Stories tagged Siberia

Mar
15
2010

Cool, it is a baby mammoth: A new traveling museum exhibit features a frozen baby mammoth, found in the ice of Siberia in 2007.
Cool, it is a baby mammoth: A new traveling museum exhibit features a frozen baby mammoth, found in the ice of Siberia in 2007.Courtesy Field Museum
A few years ago, I posted a story about the find of a frozen baby mammoth in Siberia. You can refresh your memory of that discovery here.

Now, an exhibit on mammoths and mastodons has opened at the Field Museum of Chicago and visitors have the chance to see the frozen mammoth baby up close and in person (and right now you can look at the photo of it on exhibit right next to this paragraph). The Field Museum hosts the exhibit through Sept. 5 and then an international tour begins, running through 2014.

Here's an interesting story about what researchers have been able to learn about mammoths based on their findings from the mammoth baby, as well.

Mar
30
2008

40 tons of Russian mammoth ivory exported last year

Wooly mammoth tusks
Wooly mammoth tusksCourtesy Hyperbolation
Wooly mammoth tusks are thawing out of the permafrost in Russia. Reindeer herders, oil and gas workers and professional ivory hunters are gathering up nearly pristine ivory as it emerges from the thawing permafrost. The tusks emerge with the spring thaw or after heavy rains, or along the eroding banks of rivers.

“They gather tusks like mushrooms after the rain, literally,” said Aleksei Tikhonov, the director of the Zoological Museum in St. Petersburg and an expert on mammoths.

Will mammoth ivory help endangered elephants?

About 90 percent of the Siberian ivory that is recovered is exported to Asia, where it is principally used in the manufacture of personal seals that in Japan, China and South Korea are used in place of signatures for business transactions.

150,000,000 mammoths still buried

The Siberian permafrost blankets millions of square miles. Hidden in one of the upper layers of this mass, corresponding to the Pleistocene Epoch, are the remains of an estimated 150 million mammoths. If left outside and exposed to the elements, this ivory will disintegrate within three years into worthless splinters. While prices vary, leading dealers in Moscow usually ask $150 to $200 a pound for average-grade ivory.

Source: New York Times

Jul
12
2007

Frozen find: Researchers look over the new find from Siberia of a wooly mammoth baby carcass. A reindeer herder found the frozen specimen while doing is normal rounds.
Frozen find: Researchers look over the new find from Siberia of a wooly mammoth baby carcass. A reindeer herder found the frozen specimen while doing is normal rounds.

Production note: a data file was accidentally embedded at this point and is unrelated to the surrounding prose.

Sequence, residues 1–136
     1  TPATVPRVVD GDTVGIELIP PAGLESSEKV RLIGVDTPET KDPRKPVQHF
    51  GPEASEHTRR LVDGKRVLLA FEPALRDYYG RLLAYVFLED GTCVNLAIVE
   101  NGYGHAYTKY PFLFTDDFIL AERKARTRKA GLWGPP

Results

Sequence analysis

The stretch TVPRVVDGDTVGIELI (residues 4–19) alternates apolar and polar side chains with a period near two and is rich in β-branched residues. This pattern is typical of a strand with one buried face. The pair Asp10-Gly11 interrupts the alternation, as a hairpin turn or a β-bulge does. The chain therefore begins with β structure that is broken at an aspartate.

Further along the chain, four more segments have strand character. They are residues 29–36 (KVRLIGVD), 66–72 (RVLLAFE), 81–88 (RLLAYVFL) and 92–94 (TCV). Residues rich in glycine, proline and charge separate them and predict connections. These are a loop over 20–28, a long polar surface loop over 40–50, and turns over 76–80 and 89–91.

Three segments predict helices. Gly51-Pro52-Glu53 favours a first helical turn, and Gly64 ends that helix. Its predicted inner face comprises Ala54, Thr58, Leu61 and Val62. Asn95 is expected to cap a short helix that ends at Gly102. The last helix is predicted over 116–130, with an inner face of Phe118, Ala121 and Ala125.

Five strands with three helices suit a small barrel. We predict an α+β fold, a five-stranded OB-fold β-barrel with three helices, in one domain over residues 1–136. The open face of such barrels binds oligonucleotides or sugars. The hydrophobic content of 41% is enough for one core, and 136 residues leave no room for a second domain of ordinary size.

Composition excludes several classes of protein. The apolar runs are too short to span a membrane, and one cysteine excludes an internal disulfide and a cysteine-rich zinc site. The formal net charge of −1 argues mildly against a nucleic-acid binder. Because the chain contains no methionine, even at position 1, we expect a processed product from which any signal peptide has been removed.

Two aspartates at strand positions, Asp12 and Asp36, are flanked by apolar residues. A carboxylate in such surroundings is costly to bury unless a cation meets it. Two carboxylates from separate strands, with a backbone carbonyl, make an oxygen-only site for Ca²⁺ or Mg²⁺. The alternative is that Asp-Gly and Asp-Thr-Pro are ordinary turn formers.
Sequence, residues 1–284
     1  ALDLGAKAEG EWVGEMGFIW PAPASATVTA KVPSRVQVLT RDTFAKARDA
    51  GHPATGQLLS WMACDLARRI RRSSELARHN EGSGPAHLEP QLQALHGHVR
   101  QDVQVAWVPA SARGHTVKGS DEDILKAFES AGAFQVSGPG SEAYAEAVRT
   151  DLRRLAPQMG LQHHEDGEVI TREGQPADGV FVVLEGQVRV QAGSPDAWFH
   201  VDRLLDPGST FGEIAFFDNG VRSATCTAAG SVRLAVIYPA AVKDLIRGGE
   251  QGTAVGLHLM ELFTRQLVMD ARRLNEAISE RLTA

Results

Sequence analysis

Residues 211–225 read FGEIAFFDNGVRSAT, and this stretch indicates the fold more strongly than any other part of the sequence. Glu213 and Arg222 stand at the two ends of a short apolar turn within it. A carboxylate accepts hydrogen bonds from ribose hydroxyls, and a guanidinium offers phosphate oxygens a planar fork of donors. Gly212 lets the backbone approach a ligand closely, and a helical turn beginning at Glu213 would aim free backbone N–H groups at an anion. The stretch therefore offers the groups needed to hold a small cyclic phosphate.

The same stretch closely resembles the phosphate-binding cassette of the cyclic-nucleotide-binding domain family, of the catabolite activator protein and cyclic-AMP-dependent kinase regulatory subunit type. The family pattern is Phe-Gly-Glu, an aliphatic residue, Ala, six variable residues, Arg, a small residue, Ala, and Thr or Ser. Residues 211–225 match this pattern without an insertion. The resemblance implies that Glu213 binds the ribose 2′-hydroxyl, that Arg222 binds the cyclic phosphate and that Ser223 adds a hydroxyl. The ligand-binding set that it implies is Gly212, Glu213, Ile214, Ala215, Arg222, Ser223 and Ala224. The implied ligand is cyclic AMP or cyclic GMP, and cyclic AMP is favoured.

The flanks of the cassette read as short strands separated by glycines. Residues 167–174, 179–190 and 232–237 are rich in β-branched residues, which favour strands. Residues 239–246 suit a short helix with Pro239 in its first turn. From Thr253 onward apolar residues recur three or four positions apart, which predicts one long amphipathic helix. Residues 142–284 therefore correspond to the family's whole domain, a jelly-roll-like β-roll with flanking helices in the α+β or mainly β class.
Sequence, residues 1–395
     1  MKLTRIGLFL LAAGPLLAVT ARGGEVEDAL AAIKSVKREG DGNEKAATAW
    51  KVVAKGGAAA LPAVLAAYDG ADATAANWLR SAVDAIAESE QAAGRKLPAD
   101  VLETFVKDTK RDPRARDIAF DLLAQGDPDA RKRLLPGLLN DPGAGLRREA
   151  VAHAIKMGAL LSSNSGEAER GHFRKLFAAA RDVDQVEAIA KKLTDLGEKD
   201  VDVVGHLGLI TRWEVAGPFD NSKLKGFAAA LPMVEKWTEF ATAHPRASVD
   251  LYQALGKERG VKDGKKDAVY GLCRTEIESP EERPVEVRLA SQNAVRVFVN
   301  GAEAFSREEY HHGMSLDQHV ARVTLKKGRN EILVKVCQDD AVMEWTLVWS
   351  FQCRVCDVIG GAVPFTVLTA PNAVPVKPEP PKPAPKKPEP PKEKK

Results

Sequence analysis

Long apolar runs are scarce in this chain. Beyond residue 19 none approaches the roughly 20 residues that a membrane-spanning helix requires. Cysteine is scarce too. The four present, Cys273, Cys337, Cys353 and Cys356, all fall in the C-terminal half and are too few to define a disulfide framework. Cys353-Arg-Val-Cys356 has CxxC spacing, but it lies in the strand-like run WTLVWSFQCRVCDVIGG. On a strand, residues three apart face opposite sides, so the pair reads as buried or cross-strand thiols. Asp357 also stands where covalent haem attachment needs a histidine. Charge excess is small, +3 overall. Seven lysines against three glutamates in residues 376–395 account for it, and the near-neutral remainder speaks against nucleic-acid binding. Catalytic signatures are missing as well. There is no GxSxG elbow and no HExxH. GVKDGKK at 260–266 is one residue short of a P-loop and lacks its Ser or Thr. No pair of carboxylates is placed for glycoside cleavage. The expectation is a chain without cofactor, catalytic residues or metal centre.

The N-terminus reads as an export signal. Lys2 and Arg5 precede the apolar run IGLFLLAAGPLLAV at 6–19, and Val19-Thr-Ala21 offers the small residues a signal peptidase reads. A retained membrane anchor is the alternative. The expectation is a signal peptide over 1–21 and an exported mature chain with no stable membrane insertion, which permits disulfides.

Here we go again with another round of Jurassic Park hypotheticals. What’s triggering it? Earlier this spring a reindeer herder in Siberia discovered a fully intact frozen wooly mammoth baby carcass. It’s believed to have been frozen for around 10,000 years since the end of the last ice age.

Other portions of adult mammoths have been found frozen in Siberia. But researchers say that this specimen is the most complete one found to date.

Back in 1997, portions of an adult wooly mammoth were found in another portion of Siberia. Cloning scientists at that time said that they’d be able to have a mammoth/elephant baby hybrid cloned within the next 22 months. So far, however, no dice.

The only significant blemish on the new mammoth discovery is that a portion of its tail is missing. It’s trunk and eyes are intact and some of its fur is still on its torso. It measures just over four feet tall, weighs an estimated 110 pounds and is believed to be about six months old.

Work being done to prepare the carcass to be transferred to Japan for further study. There are some scientists hoping that there could be preserved sperm or other cells with viable DNA that could be used to restart a new version of mammoths.

Researchers are also happy that they – and not others -- have their hands on this new specimen. There’s a growing black market for frozen wooly mammoth artifacts that have been found in Siberia. A one-inch strand of mammoth hair can be sold on the black market for $50.

Mammoths first appeared in the Pliocene Epoch, 4.8 million years ago. And while the species was mostly extinct by the time of the end of last Ice Age 10,000 to 12,000 years ago, one population of mammoths lived on in isolation on Russia's remote Wrangel Island until about 5,000 years ago.